Doing away with one of the Strip’s long-standing freebies could ease traffic congestion, according to a new study.
But the study’s recommendation to end free parking in the resort corridor as a solution to gridlock is being summarily dismissed by the Regional Transportation Commission, the commission’s chief administrator said Wednesday.
The transportation commission might, however, consider improving streets, building new rapid transit lines and creating park-and-ride lots, as also suggested by the study.
The pay-to-park plan “has no legs. I just don’t see how that will work here in this community,” said Jacob Snow, the commission’s general manager. He said he believes the transportation commission’s board shares that view.
“I don’t think this community is set up economically for that to happen,” Snow said.
An early version of the study, commissioned by Clark County planners and scheduled to be presented to the transportation commission today, claims the Las Vegas Valley will have a hard time sustaining growth unless commuters start using ways other than driving alone to work, play or shop.
“Mobility within (the) Las Vegas Valley has reached a crisis point, with both residents and visitors trapped by congestion,” said a study summary, prepared by Wilbur Smith Associates, a transportation and infrastructure engineering firm from Columbia, S.C.
“Existing plans and policies will inadequately support further growth, meaning that even the desire to continue building will be stopped by congestion,” the study said.
Among its conclusions, the report suggests “finding ways to accommodate a high growth in person trips without also greatly increasing vehicle trips” in busy districts such as the resort corridor.
The study believes one way to do that would be to end free parking, which in the resort corridor creates a “tremendous incentive for many to fight their way through congestion to bring their cars into overloaded areas” and ignore transit options, according to the study.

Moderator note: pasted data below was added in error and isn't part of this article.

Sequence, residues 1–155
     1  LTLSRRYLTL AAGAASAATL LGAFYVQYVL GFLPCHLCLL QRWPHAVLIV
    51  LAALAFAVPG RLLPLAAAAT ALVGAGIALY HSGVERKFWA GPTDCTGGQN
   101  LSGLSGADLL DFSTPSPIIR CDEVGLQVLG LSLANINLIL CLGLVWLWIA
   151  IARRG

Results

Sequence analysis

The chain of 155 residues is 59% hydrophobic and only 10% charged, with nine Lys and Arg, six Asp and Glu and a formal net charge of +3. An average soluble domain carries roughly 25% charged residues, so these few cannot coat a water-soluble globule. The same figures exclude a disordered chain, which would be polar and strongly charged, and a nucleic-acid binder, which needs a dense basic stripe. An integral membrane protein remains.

“Paid parking must be a feature of the most congested areas, or those areas and the roads feeding them will suffer,” the study said. “If businesses cannot organize to charge on their own, implement a parking fee for all vehicles that park inside the most congested areas, and use funds generated to help create” satellite parking lots that could be located around the edges of the resort corridor, linked by shuttle buses to major Strip properties.
But Snow believes commuters instead could be lured to embrace mass transit options through other incentives. Currently, Strip employers who provide car pool programs or other such group commuting opportunities get a tax credit of $1,200 per employee enrolled in such efforts.
While the rest of the study’s suggestions are still on the table, Snow said the transportation commission isn’t ready to commit to most of the concepts.
“I don’t think the RTC is saying we’re going to put all our ducks behind any of these proposals,” Snow said. “Most of these recommendations, we’re going to have to develop some additional data to see if it’s even feasible.
“I think there are some good ideas in that report that need to be explored further,” said Snow, adding that he was “confident we’ll be able to accommodate that growth.”
The study’s lead recommendation is one that the transportation commission already is pursuing actively: creation of a so-called “regional fixed guideway” along Las Vegas Boulevard, which would consist of an express bus using bus-only lanes and making limited “station” stops, to mimic the speed and patterns of a train.
The study also calls for the re-engineering of various streets to improve traffic circulation, including the Paradise Road/Swenson Street corridor; around the Strip and Las Vegas Beltway; and on Boulder Highway and Blue Diamond Road.
In many cases, the work could involve creating “couplets” of parallel one-way streets, or the conversion of some streets into freewaylike “superarterials” that use overpasses and onramps in place of stoplights and intersections.